Four women who have accused New York Gov. Andrew Cuomo of sexual harassment have been subpoenaed, marking a critical phase in state attorney general's inquiry into allegations against the governor.
According to The New York Times, a person with knowledge of the investigation who does not wish to discuss it publicly says the New York attorney general's office would release the inquiry findings by the end of summer.
In the past few months, attorneys hired by Attorney General Letitia James, Joon H. Kim, and Anne L. Clark, have requested multitudes of state records. They have held hours of interviews with the women set to testify under oath.
Ms. Clark has collected documentation, including text messages, emails, and photographs that support accusations against the governor.
Mr. Kim is examining whether Cuomo or his allies have destroyed documentation or evidence, broke any laws, or retaliated against his accusers.
Charlotte Bennett, a former aide, said the governor made sexual advances at her when the two were alone in his office. Her lawyer Debra Katz said she is expected to provide testimony under oath within two weeks.
Ms. Bennet, which spurred the attorney general investigation, sat with investigators in March and delivered a four-hour-long interview. Ms. Bennet has also provided 120 pages of current records to the inquiry.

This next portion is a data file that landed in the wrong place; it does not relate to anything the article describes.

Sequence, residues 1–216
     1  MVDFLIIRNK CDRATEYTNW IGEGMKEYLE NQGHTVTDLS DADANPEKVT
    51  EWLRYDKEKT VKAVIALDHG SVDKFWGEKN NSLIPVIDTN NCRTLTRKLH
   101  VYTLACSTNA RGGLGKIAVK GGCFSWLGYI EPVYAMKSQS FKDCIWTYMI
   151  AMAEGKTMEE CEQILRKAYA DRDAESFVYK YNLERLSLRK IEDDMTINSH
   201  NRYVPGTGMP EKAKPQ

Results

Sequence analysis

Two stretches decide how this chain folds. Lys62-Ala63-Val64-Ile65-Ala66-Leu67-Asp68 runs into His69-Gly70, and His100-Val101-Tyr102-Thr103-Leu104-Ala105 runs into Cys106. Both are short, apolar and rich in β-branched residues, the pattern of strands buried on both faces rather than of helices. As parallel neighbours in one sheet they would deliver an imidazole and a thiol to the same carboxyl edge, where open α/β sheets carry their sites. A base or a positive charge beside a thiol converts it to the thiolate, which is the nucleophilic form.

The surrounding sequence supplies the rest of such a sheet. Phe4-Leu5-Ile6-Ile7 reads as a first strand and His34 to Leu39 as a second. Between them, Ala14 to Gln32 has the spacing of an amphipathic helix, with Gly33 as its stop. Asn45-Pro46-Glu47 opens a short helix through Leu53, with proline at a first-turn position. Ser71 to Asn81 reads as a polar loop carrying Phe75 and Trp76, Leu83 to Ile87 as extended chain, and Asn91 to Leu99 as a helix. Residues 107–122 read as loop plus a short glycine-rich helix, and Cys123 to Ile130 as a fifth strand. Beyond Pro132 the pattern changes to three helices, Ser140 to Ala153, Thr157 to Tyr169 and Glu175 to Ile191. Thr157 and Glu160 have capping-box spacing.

Lindsey Boylan, the first woman to accuse the governor, has also received a subpoena.
Cuomo has so far denied any wrongdoing. He said on Thursday making someone "feel uncomfortable" was not harassment. But in 2019, Cuomo signed a law that said sexual harassment is characterized by unwanted sexual advances or remarks that are "offensive or objectionable to the recipient" or "cause the recipient discomfort or humiliation."
A quote from Cuomo states, "If I just made you feel uncomfortable, that is not harassment, that is feeling uncomfortable. I never said anything I believed was inappropriate. I never meant to make you feel that way."
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